Humbling us and exalting God

First, we hold this doctrine dear because it humbles us and exalts God. We need the humility that comes from recognizing that the only thing we contribute to our salvation is our need for it. And we need to give God the credit he deserves for rescuing us out of our hopeless captivity and slavery to sin. This truth has power to create a church environment where we approach God with great joy and approach the lost and broken people around us with great sympathy. After all, our situation wasn’t so different from theirs.


Great assurance in a fallen world

Second, this is the basis for great assurance in a fallen world. Think about Jesus’ strong statements like Mark 13:13: “the one who endures to the end will be saved.” Where is the confidence that we will endure to the end, in light of our often weak faith, and in light of our cultural environment that is increasingly hostile to Christianity? Will we make it, or will we flame out and lose it all? God’s answer is: you will make it, because I am holding onto you. “Those whom he predestined [to salvation]… he also glorified” (Romans 8:30)—no dropouts! This realization gives the church the strength and stability we need to press on with confidence.


Hopeful evangelism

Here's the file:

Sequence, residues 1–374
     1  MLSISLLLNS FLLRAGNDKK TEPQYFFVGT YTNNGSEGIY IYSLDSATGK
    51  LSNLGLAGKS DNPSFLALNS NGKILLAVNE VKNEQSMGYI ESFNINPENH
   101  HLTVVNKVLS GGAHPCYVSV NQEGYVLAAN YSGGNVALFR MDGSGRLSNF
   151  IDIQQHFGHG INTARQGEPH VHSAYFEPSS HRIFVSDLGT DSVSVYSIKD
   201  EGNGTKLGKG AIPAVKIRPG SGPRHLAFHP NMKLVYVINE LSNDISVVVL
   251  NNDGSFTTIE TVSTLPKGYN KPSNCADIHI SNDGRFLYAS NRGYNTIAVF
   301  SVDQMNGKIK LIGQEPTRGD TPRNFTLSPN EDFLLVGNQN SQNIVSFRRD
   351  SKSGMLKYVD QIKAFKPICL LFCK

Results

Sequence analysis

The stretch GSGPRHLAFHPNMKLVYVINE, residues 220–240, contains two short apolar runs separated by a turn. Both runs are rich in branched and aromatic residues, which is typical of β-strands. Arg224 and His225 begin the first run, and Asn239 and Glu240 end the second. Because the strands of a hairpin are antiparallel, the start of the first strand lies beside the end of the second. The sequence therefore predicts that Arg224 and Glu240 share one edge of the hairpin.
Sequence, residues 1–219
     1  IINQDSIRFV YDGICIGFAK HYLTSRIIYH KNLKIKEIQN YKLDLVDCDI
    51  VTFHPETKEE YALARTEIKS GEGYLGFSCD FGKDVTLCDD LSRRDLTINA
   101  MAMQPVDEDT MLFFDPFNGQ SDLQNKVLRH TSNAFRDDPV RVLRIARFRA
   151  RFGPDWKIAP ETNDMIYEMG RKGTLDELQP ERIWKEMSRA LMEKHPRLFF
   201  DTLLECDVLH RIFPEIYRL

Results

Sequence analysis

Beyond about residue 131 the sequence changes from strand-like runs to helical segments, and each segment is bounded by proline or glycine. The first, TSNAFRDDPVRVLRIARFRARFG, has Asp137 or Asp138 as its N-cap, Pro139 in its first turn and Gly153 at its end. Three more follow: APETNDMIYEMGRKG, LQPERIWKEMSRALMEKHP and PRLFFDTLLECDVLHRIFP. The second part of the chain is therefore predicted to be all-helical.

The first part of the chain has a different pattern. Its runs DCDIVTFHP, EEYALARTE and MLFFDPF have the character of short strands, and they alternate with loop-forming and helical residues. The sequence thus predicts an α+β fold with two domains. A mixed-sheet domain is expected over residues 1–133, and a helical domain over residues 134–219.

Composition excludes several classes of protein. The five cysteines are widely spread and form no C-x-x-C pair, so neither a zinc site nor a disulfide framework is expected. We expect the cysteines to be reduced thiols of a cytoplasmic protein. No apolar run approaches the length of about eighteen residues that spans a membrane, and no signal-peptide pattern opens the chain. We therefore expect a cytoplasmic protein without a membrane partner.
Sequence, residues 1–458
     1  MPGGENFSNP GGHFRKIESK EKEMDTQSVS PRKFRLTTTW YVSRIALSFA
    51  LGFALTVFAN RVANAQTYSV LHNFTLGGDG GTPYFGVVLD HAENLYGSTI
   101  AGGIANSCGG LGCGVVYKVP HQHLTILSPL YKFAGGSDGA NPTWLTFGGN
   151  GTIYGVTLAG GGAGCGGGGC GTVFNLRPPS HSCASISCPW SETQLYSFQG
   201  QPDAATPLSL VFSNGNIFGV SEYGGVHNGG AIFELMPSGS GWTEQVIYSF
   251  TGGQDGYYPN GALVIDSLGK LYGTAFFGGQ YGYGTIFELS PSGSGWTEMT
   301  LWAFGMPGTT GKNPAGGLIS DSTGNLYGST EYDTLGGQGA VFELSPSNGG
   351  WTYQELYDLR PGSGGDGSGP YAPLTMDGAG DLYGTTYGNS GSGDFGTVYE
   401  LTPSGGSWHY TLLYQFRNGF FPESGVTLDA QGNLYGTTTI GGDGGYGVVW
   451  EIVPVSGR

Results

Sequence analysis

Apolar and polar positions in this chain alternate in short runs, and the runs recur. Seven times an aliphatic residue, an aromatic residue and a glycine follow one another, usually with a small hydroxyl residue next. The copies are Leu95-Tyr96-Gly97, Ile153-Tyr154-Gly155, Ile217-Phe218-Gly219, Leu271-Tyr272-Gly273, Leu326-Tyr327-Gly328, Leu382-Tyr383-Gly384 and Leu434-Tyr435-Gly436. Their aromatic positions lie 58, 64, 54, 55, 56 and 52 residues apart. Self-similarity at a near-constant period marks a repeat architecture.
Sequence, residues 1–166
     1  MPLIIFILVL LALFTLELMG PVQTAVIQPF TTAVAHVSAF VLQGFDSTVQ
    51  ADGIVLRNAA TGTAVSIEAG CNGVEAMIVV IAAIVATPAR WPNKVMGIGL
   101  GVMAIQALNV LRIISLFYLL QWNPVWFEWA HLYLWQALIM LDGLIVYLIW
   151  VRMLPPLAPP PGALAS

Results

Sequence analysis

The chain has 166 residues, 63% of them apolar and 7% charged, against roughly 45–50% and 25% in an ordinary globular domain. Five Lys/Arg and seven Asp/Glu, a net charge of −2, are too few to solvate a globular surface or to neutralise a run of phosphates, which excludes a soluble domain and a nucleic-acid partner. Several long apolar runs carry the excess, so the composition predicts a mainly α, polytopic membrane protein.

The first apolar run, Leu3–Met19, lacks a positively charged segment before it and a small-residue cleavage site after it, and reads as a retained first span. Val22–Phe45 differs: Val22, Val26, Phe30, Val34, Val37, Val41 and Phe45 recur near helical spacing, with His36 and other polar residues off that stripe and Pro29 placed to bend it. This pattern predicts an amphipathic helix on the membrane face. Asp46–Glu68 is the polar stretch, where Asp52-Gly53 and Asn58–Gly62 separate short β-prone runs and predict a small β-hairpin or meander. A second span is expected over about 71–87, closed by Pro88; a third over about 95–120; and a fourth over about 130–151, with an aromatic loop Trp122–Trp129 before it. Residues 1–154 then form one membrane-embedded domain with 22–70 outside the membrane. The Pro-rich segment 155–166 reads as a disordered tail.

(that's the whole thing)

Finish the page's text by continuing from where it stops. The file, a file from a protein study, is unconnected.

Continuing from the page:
Finally, it makes evangelism hopeful. No, we don’t believe that because God does everything to save people, that makes our evangelism unnecessary. To the contrary, we believe it will make evangelism effective! When we go out into our city with the gospel, we seem to be of little power, humanly speaking. How encouraging to know that when the elect hear their Savior call, they will respond! The seed that lands on the good soil will produce a harvest (Luke 8:8, 15). This is freeing, not burdensome, because God will accomplish what we are incapable of.

For those reasons and more, we love the “Sovereign” in “Sovereign Grace.” To God be the glory!


After working as a scientist for 15 years and serving in the local church leadership, Mark Alderton left his career to attend the Sovereign Grace Pastors College in 2002. After graduating, Mark served as a pastor at his home church, Sovereign Grace Church in Minneapolis for five years. In 2008, he moved with his family to Colorado to become the senior pastor of Sovereign Grace Church in Aurora. Mark and his wife, Mary, live in Aurora with their five children.